Literacy

Literacy at The Grove School and The Marches Academy Trust

At The Grove School we want every child to have freedom of choice when it comes to careers and be able to take up great opportunities offered to them. No child should be prevented from having a fulfilled life and future by not having the necessary skills especially in literacy. Parents will know that literacy is fundamental to their child’s well-being. It enables them to function in their everyday lives whilst giving them the lifelong skills to be able to communicate effectively, articulate their ideas and understand and interpret the ideas of others. Over the past 4 years, we have developed a range of strategies to increase the status of literacy within our school environment, such as our Reading School, World Book Week, author visits and a range of competitions including our recent house competition that focused on essay writing skills.

Exciting events that promote improving literacy 
In recent years, we have held a fantastic range of events to develop out students’ reading, writing, speaking and listening. These include:

  • Celebration of World Book Week with a range of activities and events celebrating reading throughout the school
  • All Year 6 students receiving an independent reading book for our summer transition project and Summer Reading Challenge
  • Visiting writers Frank Cottrell Boyce, who promoted his new novel ‘The Adventures of Broccoli Boy’, and both Paul Dowswell and Linda Newberry, whose short stories featured in the ‘Stories of World War I’ anthology
  • A range of debating competitions
  • A young writer’s club
  • Our daily Reading School session
  • The success of our Reading Rangers programme, where Year 7 and 8 students are supported by our Year 10 and 12 students who act as their reading buddies.
  • Participation in ‘Talk the Talk’ workshops with Year 9 students to develop their confidence in speaking and listening.

Confident Communicators

Vision

Students at The Grove School will be able to articulate themselves in a confident and academic manner. They will be able to discuss tasks or ideas, question one another, construct considered arguments, negotiate meaning, clarify their own understanding and make their ideas comprehensible to others. Literacy will be at the heart of the school.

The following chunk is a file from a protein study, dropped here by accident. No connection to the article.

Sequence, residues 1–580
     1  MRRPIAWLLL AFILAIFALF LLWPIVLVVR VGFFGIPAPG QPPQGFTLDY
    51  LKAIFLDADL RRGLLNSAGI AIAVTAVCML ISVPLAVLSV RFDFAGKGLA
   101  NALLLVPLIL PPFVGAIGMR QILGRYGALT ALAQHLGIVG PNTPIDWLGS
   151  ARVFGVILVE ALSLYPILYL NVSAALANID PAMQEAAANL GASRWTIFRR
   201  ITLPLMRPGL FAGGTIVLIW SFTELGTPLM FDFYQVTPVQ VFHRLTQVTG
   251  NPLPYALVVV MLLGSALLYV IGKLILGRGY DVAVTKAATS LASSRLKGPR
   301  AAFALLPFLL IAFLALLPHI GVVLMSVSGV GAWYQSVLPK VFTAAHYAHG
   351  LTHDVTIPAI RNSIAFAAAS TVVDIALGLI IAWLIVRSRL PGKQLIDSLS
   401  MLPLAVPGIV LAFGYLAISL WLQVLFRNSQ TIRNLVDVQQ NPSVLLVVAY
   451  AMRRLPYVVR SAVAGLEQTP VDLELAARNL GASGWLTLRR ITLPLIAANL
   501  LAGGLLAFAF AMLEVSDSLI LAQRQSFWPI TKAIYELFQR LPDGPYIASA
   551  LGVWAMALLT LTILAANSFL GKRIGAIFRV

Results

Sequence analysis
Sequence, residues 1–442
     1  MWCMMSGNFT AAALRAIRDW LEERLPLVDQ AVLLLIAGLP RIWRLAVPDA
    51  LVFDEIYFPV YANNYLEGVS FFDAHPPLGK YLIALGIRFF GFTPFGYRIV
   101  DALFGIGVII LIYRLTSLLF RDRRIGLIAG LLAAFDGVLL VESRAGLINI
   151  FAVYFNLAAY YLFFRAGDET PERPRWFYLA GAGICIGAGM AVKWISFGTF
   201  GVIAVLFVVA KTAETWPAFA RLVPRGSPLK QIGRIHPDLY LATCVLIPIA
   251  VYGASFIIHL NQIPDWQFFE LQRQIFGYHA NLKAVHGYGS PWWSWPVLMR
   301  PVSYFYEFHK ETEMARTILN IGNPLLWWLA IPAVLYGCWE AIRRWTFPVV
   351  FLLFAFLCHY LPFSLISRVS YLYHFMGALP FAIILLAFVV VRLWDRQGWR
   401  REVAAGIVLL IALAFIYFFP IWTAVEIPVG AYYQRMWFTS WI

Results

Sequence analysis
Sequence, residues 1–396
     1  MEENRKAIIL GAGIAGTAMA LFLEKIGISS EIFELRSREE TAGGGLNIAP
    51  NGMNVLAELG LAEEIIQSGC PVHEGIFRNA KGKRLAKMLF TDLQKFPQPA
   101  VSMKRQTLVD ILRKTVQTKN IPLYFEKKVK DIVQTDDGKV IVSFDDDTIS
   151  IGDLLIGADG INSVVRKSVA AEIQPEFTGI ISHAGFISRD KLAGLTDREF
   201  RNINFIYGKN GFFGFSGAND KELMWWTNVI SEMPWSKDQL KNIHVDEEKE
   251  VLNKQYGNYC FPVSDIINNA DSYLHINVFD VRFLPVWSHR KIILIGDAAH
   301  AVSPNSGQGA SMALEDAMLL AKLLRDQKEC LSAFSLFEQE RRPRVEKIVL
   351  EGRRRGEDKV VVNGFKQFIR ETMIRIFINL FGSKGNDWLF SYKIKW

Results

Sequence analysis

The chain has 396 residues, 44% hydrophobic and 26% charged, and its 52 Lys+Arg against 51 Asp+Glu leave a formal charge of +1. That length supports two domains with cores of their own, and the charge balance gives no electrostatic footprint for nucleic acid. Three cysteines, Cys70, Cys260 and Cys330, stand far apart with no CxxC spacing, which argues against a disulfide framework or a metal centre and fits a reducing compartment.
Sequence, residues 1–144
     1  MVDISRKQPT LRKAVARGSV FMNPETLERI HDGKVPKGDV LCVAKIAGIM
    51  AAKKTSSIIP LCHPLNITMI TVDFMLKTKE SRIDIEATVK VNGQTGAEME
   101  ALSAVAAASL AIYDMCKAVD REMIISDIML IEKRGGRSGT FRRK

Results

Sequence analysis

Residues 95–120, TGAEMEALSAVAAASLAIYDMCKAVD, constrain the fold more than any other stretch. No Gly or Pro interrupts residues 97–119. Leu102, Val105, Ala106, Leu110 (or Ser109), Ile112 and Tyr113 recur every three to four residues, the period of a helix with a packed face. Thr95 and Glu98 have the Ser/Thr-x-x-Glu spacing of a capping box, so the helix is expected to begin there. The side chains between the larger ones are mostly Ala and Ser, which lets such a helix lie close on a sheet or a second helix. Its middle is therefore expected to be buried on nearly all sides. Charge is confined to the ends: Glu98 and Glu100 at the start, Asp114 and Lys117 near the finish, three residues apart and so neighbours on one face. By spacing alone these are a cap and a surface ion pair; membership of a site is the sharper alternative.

Confident Communicators takes a focus on developing Confident Speakers this half term, with the launch of our Speeches Free public speaking competition. Entrants are in teams of three, though you can apply as an individual and potentially either be teamed up with others to form a team or you can support a speaking team in a non-speaking role. You can speak on any topic of interest to you and the two best performing teams in school will be entered for the prestigious ESU Churchill Public Speaking Competition, sponsored by the International Churchill Society and the oldest and largest such contest in England and Wales. There will also be opportunity to compete with other teams across the Trust.

Writer’s Corner

Welcome to the inaugural article of Writers’ Corner. Every half term we will celebrate and promote the perspectives of our students, supporting them as they discover and develop their views of the world, as well as how they can make their written voice heard. We encourage all writers to become Confident Writers and to see the value in contributing to debate in a healthy, valuable and academic way. If you would like to submit your own article to Writers’ Corner, please email your article to Mr Pledger via email James.Pledger@groveschool.net